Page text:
The U.S. biodiesel industry produced 135 million gallons of fuel in the first two months of 2012, according to new numbers released by the EPA Wednesday.
The volume is an increase over the same period last year, when production totaled less than 80 million gallons. But it is down from the record production late last year when the industry exceeded 100 million gallons per month for five consecutive months and reached a peak of 160 million gallons in December.
Anne Steckel, vice president of federal affairs for the National Biodiesel Board, said the drop-off reflects lost momentum this year after Congress allowed the biodiesel tax incentive to expire and the Obama administration delayed finalizing next year’s biodiesel volume requirement under the Renewable Fuel Standard.
“These are solid numbers that show the biodiesel industry is on pace to meet the 1 billion gallon RFS requirement this year, but they also reflect some of the missed opportunities for growth and jobs that we’ve seen with the loss of the tax credit and the continued uncertainty about next year’s RFS volume,” Steckel said. “With the tax credit and clear RFS growth in place, we think these numbers would be better.”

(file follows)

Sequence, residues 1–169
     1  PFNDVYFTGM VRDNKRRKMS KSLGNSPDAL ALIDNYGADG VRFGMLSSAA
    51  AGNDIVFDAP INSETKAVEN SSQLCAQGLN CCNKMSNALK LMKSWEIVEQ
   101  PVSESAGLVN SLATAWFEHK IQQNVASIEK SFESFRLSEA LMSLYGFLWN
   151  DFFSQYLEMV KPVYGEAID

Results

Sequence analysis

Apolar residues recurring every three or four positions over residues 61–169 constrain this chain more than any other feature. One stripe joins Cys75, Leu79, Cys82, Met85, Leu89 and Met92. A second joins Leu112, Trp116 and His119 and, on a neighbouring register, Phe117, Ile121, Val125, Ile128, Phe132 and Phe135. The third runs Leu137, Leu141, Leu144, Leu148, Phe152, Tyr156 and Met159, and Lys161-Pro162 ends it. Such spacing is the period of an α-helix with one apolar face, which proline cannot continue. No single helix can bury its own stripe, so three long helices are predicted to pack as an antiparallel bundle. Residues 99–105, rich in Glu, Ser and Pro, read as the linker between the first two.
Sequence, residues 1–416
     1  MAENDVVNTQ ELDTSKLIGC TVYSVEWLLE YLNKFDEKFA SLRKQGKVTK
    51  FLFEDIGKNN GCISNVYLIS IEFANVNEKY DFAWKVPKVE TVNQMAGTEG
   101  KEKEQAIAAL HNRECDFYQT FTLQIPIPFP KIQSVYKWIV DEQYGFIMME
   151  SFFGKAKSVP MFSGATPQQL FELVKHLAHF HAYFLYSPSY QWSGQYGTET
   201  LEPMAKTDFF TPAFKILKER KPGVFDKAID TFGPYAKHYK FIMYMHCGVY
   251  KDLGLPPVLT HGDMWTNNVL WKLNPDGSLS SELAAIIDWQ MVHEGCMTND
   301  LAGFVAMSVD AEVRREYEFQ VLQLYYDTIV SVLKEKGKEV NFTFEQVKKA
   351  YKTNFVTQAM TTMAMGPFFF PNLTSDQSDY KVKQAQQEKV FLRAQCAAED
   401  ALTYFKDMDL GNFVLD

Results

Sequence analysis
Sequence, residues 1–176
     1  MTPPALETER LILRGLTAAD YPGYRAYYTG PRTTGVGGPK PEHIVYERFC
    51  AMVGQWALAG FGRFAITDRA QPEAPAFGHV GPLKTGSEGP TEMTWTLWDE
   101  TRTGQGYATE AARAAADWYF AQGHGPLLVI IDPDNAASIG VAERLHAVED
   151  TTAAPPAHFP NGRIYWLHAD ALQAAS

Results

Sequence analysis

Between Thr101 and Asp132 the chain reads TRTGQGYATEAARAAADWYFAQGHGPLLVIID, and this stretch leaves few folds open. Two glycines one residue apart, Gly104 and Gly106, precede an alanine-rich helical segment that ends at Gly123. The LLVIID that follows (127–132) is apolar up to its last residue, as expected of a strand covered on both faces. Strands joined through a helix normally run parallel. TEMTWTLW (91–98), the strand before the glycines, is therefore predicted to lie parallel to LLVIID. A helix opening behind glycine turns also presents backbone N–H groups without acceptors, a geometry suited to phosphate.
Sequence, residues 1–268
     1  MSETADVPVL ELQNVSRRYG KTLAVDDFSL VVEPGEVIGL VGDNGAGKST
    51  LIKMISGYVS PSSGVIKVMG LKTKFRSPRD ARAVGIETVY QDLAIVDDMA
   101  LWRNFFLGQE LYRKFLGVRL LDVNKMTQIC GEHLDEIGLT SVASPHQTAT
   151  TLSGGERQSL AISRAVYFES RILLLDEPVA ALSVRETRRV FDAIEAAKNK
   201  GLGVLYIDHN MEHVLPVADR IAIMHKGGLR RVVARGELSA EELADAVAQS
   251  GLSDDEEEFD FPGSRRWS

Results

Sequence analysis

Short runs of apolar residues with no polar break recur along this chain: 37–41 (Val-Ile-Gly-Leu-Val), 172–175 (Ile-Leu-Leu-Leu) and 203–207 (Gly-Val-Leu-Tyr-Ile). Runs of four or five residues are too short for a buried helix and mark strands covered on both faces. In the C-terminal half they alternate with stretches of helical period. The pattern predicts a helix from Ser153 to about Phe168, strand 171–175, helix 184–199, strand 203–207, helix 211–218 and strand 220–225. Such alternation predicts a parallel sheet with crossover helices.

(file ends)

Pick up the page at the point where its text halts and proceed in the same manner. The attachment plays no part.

Last year, the biodiesel industry produced a record of nearly 1.1 billion gallons, supporting more than 39,000 jobs across the country and helping to reduce U.S. dependence on skyrocketing global petroleum prices.
Biodiesel is the first and only EPA-designated Advanced Biofuel in commercial-scale fuel production across the country. Made from an increasingly diverse mix of resources such as agricultural oils, recycled cooking oil and animal fats, it is produced in nearly every state in the country. Biodiesel can be used in existing diesel engines and meets strict specifications of ASTM D6751.